A version of this post originally appeared on the CMSWire blog.
It’s true that organizations for quite some time have been trying to implement better information management practices. And IT technologies continue to improve. But the most frequent question I get from clients is, "How do we clean up network shares?"
It seems like something that should be easy to do. But it’s anything but that. Like diet and exercise, which are simple in concept but arduous in practice, cleaning up network shares requires a simple approach—and a lot of elbow grease. Here’s an approach for cleaning up network shares that we’ve found has been successful at organizations of varying sizes across a range of industries.
You’ll need file analytics software to help evaluate the documents on your shared networks.
The first step is to acquire file analytics software to help you evaluate the documents on your network shares. Even a small organization will have a few terabytes of content on shares. That translates into millions of documents—far too many to evaluate manually.
The good news is there is a range of file analytics tools are out there, from the dead simple (like a TreeSize Professional from Jam Software, which costs under $100) to the extremely sophisticated (e.g., Active Navigation, Nuix, ZL Technologies, IBM’s StoredIQ, Concept Searching, etc.). So, depending on your budget and maturity level, you should find technology to assist you in your network share cleanup efforts.
See my colleague, Rich Medina’s post: Which File Analytics Products Should You Use?
Regardless of this diversity in file analytics tools, one cleanup approach is successful more often than not. There are really three steps to consider.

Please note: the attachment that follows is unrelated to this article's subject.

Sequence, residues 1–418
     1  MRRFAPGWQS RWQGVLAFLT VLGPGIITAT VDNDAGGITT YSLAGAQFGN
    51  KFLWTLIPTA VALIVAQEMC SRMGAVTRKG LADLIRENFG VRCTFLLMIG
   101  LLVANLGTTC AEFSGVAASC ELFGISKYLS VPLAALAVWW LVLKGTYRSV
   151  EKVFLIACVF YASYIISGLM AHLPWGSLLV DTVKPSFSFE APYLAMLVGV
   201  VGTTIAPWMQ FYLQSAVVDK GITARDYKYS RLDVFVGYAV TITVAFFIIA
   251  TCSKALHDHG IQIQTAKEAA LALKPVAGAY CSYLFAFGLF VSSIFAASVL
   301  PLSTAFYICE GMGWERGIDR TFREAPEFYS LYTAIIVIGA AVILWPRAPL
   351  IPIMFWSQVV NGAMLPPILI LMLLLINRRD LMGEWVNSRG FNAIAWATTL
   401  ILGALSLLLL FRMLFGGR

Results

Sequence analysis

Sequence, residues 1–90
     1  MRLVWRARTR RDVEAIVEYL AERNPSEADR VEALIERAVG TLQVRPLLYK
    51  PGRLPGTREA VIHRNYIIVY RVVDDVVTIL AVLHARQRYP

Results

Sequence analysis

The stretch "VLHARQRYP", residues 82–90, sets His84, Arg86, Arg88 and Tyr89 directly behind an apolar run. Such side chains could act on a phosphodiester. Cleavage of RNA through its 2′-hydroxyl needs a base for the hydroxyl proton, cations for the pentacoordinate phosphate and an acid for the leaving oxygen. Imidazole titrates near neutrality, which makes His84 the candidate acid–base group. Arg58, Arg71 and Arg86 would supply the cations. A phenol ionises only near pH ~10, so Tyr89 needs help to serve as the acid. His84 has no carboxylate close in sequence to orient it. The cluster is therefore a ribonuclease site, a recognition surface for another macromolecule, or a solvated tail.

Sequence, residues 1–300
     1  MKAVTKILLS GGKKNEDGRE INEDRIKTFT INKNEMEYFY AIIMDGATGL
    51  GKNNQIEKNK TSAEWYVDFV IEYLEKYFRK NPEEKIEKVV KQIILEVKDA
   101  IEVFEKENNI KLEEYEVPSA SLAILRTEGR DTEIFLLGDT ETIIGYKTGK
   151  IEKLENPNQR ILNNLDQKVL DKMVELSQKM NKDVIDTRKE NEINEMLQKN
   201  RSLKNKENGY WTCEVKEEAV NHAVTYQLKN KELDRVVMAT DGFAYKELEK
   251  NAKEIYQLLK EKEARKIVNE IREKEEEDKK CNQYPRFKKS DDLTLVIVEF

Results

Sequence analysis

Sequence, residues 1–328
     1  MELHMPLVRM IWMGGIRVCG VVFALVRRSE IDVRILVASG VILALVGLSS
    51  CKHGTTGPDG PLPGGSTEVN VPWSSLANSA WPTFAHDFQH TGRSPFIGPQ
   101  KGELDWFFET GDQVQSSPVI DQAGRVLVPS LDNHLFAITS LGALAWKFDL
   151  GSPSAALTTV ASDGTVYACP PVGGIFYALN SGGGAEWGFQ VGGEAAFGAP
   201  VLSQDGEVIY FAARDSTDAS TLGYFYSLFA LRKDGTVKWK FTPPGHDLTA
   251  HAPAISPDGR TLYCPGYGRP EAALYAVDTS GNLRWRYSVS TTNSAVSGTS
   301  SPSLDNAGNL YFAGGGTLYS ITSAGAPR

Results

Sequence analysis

Follow these three steps to clean your network shares: address ROT, address sensitive data and address records.
The required capabilities of the analytics software increases as you progress through each step of the process.
- Step 1: Address ROT: The most straightforward step is to find and address redundant, obsolete, and transitory documents. This requires the least horsepower from a file analytics tool.
- Step 2: Address Sensitive Data: There’s more sophistication needed from file analytics tools to find and address documents containing sensitive data such a s PHI, PII, PCI, IP, legal hold data, etc.
- Step 3: Address Records: Finding and addressing records requires the most sophistication from file analytics tools.
Let’s walk through each of these to see how they might be valuable for your organization’s network share cleanup efforts.
Step 1: Address File ROT
File analytics tools work quickly when addressing ROT by interrogating file properties, known as wrapper metadata.
In order to address ROT, a file analytics tool only needs to interrogate file properties (so called wrapper metadata), such as file path, file name, file type, file size, date created, date last accessed and date modified. It does not need to crack open the file and interrogate the contents.
For this reason, scans are faster (with speeds approaching 1 million documents an hour). In addition, anywhere from 30 to 80 percent of network shares at an organization will be ROT, so performing this analysis first will take a significant amount of documents off the table for analysis in later, more complex steps.
Once you find the ROT, you need to do something with it, which can be as simple as quarantining it (whether in a dedicated repository or by leaving it in place or removing access) or as final a step as deleting it.